The Esplanade is one of the many jewels in Sidmouth’s crown. The ability to stroll along The Esplanade, admiring the views out to sea, the distinctive architecture, the cliffs at each end, and the coastline beyond, is one of the key features of the town. It is commented upon by festival-goers, and no doubt by visitors throughout the year. It is an unspoilt and consistent attraction over the 40 or more years that I have been visiting the town.

In the past, the informal, acoustic music-making and the Morris dancers along The Esplanade have enhanced the atmosphere during the festival. In more recent years, however, the traders, some of the merchandise for sale, and the amplified music have ruined this atmosphere.

Dance groups attract audiences and need to ensure that the pavement is not completely blocked. This is very difficult, if not impossible, with the current number of traders.

It appears to be a classic case of the goose and the golden egg. EDDC seems intent on stifling the informality of this music and dance along the Esplanade through the large number of traders, the apparent inability to enforce the rules and the ignoring of the over- amplified music.

Don't kill the goose, EDDC. The number of permits issued should be severely restricted and the musicians and dancers given space once again to provide the unique atmosphere that makes Sidmouth FolkWeek special.

Wistaston, Crewe

Wake up over amplified music.

We would like to endorse the comments made by Jan Strapp in your issue of August 7.

There is little space on the Esplanade in which to perform, because of the number of street traders. We understand the number of licences for traders is controlled by EDDC. Furthermore, as FolkWeek Director John Braithwaite said there has been a proliferation of amplified music on the seafront during the festival.

It is our understanding that amplified music requires a licence from EDDC. It is our view that EDDC should enforce this rule. They did not appear to do so during FolkWeek 2015.

Last week, the spokeswoman for EDDC said that the number of stalls was monitored, but she made no comment about amplified music. My wife and I are the Amycrofters Folk Dance Band. In addition to playing music, we also sing. Mickey Mouse often accompanies us to the delight of all.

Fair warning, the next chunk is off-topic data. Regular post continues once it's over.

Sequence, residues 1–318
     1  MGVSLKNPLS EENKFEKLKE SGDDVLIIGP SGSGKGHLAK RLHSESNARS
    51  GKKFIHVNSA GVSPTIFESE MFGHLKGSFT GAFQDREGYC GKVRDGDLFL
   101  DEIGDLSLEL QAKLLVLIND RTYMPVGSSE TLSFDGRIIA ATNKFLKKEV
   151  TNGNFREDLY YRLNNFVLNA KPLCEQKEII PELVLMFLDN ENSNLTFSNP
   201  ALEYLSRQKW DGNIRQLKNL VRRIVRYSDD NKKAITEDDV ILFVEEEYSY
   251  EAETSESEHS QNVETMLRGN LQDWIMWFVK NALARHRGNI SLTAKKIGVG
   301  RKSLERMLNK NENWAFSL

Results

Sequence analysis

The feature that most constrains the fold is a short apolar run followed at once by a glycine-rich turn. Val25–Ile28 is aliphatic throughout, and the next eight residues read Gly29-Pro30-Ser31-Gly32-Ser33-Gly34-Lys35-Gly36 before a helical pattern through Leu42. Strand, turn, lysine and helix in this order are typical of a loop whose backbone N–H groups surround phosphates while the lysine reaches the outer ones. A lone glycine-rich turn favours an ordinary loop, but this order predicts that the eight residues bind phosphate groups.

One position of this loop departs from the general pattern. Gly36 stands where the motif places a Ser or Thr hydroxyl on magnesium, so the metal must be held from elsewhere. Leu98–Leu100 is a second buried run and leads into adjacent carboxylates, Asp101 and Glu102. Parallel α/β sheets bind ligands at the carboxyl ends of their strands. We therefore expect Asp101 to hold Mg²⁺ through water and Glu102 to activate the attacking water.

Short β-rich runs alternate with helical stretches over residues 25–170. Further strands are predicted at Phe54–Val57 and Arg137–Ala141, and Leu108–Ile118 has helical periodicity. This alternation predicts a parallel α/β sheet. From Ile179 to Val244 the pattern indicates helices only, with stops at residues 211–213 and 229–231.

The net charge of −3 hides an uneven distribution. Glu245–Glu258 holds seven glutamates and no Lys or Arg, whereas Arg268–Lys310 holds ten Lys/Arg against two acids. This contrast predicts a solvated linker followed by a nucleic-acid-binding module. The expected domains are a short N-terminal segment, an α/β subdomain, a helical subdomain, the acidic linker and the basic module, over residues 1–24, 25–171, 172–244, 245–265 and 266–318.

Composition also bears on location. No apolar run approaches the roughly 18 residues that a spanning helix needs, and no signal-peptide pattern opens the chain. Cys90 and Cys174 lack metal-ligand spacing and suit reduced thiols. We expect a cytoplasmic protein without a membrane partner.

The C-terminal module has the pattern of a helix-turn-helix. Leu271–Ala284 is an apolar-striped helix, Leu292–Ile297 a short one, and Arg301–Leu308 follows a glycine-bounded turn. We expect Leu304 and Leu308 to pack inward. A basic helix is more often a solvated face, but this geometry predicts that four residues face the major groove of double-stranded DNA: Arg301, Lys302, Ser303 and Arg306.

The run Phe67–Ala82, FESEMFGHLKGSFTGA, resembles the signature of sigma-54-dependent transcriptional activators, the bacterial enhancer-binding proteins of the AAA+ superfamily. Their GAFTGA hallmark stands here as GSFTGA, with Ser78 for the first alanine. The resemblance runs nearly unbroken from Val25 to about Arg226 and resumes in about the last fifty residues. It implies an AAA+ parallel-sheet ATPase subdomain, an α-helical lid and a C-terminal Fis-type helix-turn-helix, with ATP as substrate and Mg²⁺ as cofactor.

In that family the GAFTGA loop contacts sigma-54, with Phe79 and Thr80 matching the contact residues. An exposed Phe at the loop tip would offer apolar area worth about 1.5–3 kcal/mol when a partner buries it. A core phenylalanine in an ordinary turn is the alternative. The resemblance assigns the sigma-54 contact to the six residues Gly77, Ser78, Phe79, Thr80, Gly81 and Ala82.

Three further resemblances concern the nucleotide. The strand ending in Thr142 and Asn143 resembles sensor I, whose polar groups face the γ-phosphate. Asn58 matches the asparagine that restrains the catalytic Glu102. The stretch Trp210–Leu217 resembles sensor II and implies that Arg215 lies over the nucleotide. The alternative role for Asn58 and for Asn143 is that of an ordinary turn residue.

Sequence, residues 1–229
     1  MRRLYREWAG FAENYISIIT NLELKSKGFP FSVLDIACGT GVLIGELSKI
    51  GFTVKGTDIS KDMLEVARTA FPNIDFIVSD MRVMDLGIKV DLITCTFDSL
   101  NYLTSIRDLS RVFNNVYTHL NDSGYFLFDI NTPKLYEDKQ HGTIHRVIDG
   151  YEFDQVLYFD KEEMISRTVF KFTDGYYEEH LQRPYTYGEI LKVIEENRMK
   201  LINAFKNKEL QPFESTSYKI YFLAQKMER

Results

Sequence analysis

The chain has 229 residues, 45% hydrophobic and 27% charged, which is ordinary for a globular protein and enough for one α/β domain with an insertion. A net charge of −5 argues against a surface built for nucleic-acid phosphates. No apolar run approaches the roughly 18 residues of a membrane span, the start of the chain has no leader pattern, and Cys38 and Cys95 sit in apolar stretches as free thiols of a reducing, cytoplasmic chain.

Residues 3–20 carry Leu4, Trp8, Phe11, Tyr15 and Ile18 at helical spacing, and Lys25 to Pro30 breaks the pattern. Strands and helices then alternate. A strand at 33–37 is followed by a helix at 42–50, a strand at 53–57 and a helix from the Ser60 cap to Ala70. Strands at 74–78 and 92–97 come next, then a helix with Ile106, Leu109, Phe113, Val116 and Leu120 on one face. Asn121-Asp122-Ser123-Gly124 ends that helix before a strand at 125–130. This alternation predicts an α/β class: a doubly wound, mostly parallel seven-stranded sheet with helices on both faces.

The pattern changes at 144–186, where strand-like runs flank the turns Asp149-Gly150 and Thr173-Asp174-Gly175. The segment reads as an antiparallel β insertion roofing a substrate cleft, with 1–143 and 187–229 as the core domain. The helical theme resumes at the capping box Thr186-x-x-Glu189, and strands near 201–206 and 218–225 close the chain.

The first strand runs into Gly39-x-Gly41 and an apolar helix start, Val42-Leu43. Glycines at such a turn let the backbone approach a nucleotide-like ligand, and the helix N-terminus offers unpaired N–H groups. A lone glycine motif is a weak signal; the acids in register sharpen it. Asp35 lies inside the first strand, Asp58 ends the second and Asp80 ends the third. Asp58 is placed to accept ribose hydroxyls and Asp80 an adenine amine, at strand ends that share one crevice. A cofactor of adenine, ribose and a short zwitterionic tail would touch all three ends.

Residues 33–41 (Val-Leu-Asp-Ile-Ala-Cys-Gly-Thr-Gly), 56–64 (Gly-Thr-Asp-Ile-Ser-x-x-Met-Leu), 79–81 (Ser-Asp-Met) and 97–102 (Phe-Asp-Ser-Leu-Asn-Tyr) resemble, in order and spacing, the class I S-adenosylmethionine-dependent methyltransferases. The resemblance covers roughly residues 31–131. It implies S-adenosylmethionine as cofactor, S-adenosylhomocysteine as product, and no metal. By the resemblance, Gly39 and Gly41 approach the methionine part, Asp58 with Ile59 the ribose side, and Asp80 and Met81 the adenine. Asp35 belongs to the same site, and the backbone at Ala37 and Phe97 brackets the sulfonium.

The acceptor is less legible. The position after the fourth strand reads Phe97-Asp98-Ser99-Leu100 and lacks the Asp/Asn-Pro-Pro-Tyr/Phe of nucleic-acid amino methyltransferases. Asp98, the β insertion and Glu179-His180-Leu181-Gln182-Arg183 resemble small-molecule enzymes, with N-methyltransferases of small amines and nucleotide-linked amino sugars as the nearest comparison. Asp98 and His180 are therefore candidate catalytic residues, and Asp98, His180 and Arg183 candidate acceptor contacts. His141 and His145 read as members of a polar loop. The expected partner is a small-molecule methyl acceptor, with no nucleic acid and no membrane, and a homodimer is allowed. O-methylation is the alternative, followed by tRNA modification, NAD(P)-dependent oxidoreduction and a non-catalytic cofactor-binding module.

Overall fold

The lack of space on The Esplanade and the need for us to avoid amplified musicians means that we also may be unable to perform at FolkWeek in the future.

It is difficult when there are too many stalls, and they extend beyond their marked pitches. If amplified music drowns us out, the festival suffers.

The numbers of acoustic musicians, who help make FolkWeek the institution that it is, are being drastically reduced.

Please can FolkWeek wake up EDDC before it suffers even further.

Amycrofters Folk Dance Band

Dancers' complaints are being heard.

For once I have to congratulate EDDC - I understand they imposed a noise limit on the music in the Anchor Garden during FolkWeek.

As an avid folk and ceilidh dancer, I have complained for years about excessive sound levels at many events. The ceilidhs in the Anchor were more enjoyable this year because of the reduced sound levels. I hope the same conditions are applied in subsequent years.

Both dancers and residents would benefit from sound engineers not being allowed to ramp up the volume just because they think it's clever to do so. In my opinion, some bands utilise excessive volume as a substitute for musical ability.

I did overhear one of the sound crew complaining about the restriction, but many folk dancers agree with me that sound levels at many events are far too high.

Major folk festivals such as Towersey have also begun to order a more restrained approach. How can it be sensible for many people to feel that using earplugs is nowadays necessary at a folk dance?

Maybe, at last, complaints from dancers are being heard!

Sidford, Sidmouth.